Scholia (singular scholium or scholion, from Ancient Greek:
σχόλιον, "comment, interpretation") are grammatical, critical,
or explanatory comments, either original or extracted from
pre-existing commentaries, which are inserted on the margin of the
manuscript of an ancient author, as glosses. One who writes scholia is
a scholiast. The earliest attested use of the word dates to the 1st
2 Important sets of scholia
3 List of ancient commentaries
4 Other uses
6 External links
Ancient scholia are important sources of information about many
aspects of the ancient world, especially ancient literary history. The
earliest scholia, usually anonymous, date to the 5th or 4th century BC
(such as the "a" scholia on the Iliad). The practice of compiling
scholia continued to late Byzantine times, outstanding examples being
Archbishop Eustathius' massive commentaries to
Homer in the 12th
century and the scholia recentiora of
Thomas Magister and Demetrius
Triclinius in the 14th.
Scholia were altered by successive copyists and owners of the
manuscript, and in some cases, increased to such an extent that there
was no longer room for them in the margin, and it became necessary to
make them into a separate work. At first, they were taken from one
commentary only, subsequently from several. This is indicated by the
repetition of the lemma ("headword"), or by the use of such phrases as
"or thus", "alternatively", "according to some", to introduce
different explanations, or by the explicit quotation of different
Important sets of scholia
The most important are those on the Homeric Iliad, especially those
found in the 10th-century manuscripts discovered by Villoison in 1781
Biblioteca Marciana in Venice (see further Venetus A, Homeric
scholarship). The scholia on Hesiod, Pindar, Sophocles, Aristophanes
Apollonius Rhodius are also extremely important. In Latin, the
most important are those of
Servius on Virgil, of Acro and Porphyrio
on Horace, and of Donatus on Terence.
List of ancient commentaries
Some ancient scholia are of sufficient quality and importance to be
labelled "commentaries" instead. The existence of a commercial
translation is often used to distinguish between "scholia" and
"commentaries". The following is a chronological list of ancient
commentaries written defined as those for which commercial
translations have been made:
Asconius (c. 55 AD) on Cicero's Pro Scauro, In Pisonem, Pro Milone,
Pro Cornelio and In Toga Candida
Servius (c. 400 AD) on Virgil's Aeneid
Macrobius (c. 400 AD) on Cicero's Dream of Scipio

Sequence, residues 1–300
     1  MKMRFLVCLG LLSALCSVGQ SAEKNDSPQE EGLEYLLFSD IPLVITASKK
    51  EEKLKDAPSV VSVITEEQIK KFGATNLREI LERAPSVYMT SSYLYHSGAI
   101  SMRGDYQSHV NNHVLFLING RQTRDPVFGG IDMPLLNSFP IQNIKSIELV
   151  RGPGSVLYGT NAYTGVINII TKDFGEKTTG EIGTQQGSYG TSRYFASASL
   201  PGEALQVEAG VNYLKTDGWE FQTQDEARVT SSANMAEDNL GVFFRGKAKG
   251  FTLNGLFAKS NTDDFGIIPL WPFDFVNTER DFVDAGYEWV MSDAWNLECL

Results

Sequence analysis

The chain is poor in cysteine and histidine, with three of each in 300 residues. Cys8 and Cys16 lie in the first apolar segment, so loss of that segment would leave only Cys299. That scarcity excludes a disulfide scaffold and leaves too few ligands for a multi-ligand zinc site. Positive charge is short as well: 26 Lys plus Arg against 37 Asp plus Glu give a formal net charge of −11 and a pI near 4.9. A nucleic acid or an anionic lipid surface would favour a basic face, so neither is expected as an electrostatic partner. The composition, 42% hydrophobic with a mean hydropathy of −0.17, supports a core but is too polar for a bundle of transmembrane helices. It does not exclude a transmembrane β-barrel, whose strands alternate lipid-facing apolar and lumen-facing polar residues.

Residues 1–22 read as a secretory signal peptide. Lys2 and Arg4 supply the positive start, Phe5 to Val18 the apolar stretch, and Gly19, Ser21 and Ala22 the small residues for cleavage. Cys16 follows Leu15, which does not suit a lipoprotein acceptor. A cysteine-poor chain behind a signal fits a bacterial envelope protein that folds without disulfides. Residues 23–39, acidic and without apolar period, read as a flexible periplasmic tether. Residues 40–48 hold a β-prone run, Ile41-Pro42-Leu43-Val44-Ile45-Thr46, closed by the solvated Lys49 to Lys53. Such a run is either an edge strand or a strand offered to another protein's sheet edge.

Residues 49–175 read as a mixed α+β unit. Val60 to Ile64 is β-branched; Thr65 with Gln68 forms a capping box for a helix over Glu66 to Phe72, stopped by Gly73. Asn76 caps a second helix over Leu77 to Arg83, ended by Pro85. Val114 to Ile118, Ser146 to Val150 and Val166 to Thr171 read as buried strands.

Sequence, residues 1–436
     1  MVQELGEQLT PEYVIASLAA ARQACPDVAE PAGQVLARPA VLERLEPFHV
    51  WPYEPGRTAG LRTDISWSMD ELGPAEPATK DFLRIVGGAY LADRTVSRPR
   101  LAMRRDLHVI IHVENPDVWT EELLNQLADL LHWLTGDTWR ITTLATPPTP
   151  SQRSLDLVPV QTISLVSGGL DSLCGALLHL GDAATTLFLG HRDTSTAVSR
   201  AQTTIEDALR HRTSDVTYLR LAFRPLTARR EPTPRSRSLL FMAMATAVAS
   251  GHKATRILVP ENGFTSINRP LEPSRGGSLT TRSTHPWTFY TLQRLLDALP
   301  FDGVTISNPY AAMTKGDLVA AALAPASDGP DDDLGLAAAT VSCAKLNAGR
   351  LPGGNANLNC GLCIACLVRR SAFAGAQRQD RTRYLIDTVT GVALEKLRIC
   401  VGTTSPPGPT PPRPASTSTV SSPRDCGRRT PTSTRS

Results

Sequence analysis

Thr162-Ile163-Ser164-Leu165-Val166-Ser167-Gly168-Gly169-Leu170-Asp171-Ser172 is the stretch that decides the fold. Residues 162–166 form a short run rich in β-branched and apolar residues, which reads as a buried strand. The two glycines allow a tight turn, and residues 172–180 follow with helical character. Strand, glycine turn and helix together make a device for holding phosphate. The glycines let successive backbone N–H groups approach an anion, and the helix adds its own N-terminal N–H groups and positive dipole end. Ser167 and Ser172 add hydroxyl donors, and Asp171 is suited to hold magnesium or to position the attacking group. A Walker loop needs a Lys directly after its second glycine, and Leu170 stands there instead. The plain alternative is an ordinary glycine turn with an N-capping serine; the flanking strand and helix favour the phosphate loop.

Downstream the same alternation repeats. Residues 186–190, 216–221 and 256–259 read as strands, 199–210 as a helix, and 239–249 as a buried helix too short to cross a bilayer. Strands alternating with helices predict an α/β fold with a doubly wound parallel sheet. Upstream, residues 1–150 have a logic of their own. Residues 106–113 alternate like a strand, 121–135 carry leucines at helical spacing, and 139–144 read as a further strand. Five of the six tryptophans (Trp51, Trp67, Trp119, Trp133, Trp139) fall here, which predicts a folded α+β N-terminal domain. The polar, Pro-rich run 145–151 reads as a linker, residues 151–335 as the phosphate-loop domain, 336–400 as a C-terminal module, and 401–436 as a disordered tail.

Proclus (c. 440 AD) on Plato's Parmenides and Timaeus and Euclid's
Boethius (c. 520 AD) on Cicero's Topics
Spinoza provided his own scholia to many of the propositions in his
Ethics, commentaries upon and expansions of the individual
propositions, or sometimes short conclusions to sections of
argumentation running over a number of propositions.
In modern mathematics texts, scholia are marginal notes which may
amplify a line of reasoning or compare it with proofs given earlier. A
famous example is Bayes' scholium, in which he presents a
justification for assuming a uniform distribution[disambiguation
needed] for the prior of the parameter of a Bernoulli process.
Another famous example of a somewhat different use is to be found in
Brook Taylor's Methodus Incrementorum, in which the propositions
demonstrated are often followed by a scholium which further explains
the significance of the proposition.
Scholia is an academic journal in the field of classical studies.
At Balliol College, Oxford, "Scholiasts" is the classics-oriented
Cicero Ad Atticum 16.7.
^ Murray, F. H. (February 1930). "Note on a scholium of Bayes".
Bulletin of the American Mathematical Society. American Mathematical
Society. 36 (2): 129–132. Retrieved January 3, 2018.
Dickey, Eleanor. Ancient Greek Scholarship: A Guide to Finding,
Reading, and Understanding Scholia, Commentaries, Lexica, and
Grammatical Treatises. Oxford:
OUP for the APA, 2007.
Reynolds, L.D. and N.G. Wilson. Scribes & Scholars: a Guide to the
Transmission of Greek &
Latin Literature, 3rd ed. Oxford:
Clarendon Press, 1991. ISBN 0-19-872146-3.
This article incorporates text from a publication now in
the public domain: Chisholm, Hugh, ed. (1911). "Scholium".
Encyclopædia Britannica (11th ed.). Cambridge University Press.